TORONTO, September 17, 2010 Nearly half of women with diabetes prior to pregnancy have a potentially-avoidable C-section and their babies are twice as likely to die as those born to women without diabetes, according to the POWER study.
Researchers from St. Michael's Hospital, the Institute for Clinical Evaluative Sciences (ICES) and Women's College Hospital say rates of diabetes in Ontario have doubled in the last 12 years. Nearly one in 10 Ontario adults has been diagnosed with diabetes, including more women than ever before.
As women develop type 2 diabetes (adult onset) during childbearing age, complications during pregnancy are becoming increasingly common.
"We are seeing more younger women living with diabetes. In fact, while older men still have higher rates than older women, women under 45 are getting diagnosed at the same rate as men in that age group," says Dr. Lorraine Lipscombe, a scientist at the Women's College Research Institute at Women's College Hospital and ICES. "This trend is having increasing implications for younger women. With more women having babies later in life, we are seeing a greater number of women getting pregnant with diabetes. The POWER Study found that having diabetes before pregnancy significantly increases the risk of pregnancy and fetal complications."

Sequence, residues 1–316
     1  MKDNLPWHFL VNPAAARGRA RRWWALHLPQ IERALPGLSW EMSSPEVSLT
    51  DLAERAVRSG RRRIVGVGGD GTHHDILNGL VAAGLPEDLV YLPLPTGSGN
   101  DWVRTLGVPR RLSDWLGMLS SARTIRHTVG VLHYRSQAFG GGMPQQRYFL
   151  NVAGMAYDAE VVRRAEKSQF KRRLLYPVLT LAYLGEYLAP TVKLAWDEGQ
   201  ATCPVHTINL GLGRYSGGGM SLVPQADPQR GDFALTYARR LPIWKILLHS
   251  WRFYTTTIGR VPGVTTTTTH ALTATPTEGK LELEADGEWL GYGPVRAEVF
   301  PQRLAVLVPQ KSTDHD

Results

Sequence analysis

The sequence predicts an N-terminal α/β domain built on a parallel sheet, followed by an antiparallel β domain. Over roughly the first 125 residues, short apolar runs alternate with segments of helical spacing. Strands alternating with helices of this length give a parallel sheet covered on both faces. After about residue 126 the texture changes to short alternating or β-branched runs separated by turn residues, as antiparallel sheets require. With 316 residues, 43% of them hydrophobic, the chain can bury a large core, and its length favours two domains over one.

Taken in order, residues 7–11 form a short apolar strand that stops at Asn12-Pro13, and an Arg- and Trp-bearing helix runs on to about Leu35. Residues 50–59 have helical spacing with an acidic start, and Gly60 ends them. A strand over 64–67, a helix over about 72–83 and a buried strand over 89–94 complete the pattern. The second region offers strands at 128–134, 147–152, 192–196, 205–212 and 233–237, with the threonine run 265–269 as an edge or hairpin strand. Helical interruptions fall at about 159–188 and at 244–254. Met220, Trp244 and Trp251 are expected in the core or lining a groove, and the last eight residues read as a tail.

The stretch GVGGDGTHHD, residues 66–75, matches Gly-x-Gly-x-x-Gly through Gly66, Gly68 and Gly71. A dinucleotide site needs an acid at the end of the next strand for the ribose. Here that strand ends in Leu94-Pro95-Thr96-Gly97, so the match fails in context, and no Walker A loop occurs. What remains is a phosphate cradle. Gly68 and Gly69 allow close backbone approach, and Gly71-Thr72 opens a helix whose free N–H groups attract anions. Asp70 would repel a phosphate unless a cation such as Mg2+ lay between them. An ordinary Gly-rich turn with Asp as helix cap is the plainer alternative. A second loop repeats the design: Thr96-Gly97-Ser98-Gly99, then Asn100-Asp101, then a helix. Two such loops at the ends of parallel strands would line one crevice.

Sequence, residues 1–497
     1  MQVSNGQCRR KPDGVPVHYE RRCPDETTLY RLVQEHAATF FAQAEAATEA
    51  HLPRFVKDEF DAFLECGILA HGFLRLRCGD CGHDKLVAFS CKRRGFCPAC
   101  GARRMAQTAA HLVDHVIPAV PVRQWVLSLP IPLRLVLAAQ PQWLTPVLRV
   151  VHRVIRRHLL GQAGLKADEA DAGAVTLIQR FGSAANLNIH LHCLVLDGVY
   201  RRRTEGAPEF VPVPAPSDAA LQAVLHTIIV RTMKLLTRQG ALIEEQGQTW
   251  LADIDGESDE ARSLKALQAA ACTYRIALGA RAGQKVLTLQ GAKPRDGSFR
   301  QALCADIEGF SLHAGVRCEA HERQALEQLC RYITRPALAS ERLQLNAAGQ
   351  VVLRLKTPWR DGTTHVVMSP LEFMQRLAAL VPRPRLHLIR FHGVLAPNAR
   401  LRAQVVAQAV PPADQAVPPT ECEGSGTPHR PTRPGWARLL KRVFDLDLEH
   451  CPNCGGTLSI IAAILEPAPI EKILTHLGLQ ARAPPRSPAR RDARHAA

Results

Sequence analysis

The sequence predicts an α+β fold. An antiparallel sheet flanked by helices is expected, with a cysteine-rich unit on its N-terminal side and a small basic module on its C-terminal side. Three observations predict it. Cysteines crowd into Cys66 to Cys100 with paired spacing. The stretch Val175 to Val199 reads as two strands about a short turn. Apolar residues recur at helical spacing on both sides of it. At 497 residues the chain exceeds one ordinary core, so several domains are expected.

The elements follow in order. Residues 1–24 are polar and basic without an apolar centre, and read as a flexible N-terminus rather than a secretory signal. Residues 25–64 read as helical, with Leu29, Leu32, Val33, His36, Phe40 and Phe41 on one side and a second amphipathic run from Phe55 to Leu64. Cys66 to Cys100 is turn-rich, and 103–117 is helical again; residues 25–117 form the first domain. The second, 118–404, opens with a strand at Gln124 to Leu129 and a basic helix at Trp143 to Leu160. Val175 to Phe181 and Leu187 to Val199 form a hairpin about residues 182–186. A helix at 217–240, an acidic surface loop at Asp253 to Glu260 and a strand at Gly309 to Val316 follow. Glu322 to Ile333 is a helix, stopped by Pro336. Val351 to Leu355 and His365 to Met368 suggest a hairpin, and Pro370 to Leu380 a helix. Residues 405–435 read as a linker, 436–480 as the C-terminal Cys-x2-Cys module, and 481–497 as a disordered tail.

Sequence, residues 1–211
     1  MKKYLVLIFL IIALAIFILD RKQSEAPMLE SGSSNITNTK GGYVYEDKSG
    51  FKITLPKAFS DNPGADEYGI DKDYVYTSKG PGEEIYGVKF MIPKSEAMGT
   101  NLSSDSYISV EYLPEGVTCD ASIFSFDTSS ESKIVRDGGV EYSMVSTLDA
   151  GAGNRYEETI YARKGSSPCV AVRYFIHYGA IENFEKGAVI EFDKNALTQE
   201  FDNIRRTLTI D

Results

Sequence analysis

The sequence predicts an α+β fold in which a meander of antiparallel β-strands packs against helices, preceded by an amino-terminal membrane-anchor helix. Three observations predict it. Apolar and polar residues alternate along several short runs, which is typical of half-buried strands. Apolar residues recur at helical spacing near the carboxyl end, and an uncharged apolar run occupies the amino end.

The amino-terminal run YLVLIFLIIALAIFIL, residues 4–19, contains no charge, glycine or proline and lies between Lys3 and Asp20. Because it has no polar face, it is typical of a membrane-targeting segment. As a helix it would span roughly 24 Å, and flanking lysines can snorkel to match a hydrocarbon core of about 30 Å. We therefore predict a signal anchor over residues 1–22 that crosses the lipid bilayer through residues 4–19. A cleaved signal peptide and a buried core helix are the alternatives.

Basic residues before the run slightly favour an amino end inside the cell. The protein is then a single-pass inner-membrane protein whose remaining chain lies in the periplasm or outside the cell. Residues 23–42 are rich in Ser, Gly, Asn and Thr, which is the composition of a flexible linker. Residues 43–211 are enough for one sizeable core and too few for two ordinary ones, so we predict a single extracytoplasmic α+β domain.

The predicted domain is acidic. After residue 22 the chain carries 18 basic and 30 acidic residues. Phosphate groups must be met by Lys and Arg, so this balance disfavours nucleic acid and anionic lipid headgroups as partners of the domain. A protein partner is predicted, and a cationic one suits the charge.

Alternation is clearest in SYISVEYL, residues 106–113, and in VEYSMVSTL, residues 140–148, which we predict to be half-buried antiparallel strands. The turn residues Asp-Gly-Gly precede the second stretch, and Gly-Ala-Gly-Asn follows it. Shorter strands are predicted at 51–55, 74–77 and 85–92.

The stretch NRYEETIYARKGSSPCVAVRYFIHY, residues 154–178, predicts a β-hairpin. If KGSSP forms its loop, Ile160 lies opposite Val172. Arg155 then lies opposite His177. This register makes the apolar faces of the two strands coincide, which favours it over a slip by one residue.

The POWER (Project for an Ontario Women's Health Evidence-Based Report) Study a joint study from St. Michael's Hospital and ICES is the first in the province to provide a comprehensive overview of women's health in relation to income, education, ethnicity and geography. The findings are detailed in the report titled Diabetes-the ninth chapter to be released as part of the study. Findings can be used by policymakers and health-care providers to improve access, quality and outcomes of care for Ontario women. The POWER Study was funded by Echo: Improving Women's Health in Ontario, an agency of the Ontario Ministry of Health and Long-Term C
|Contact: Julie Saccone|
St. Michael's Hospital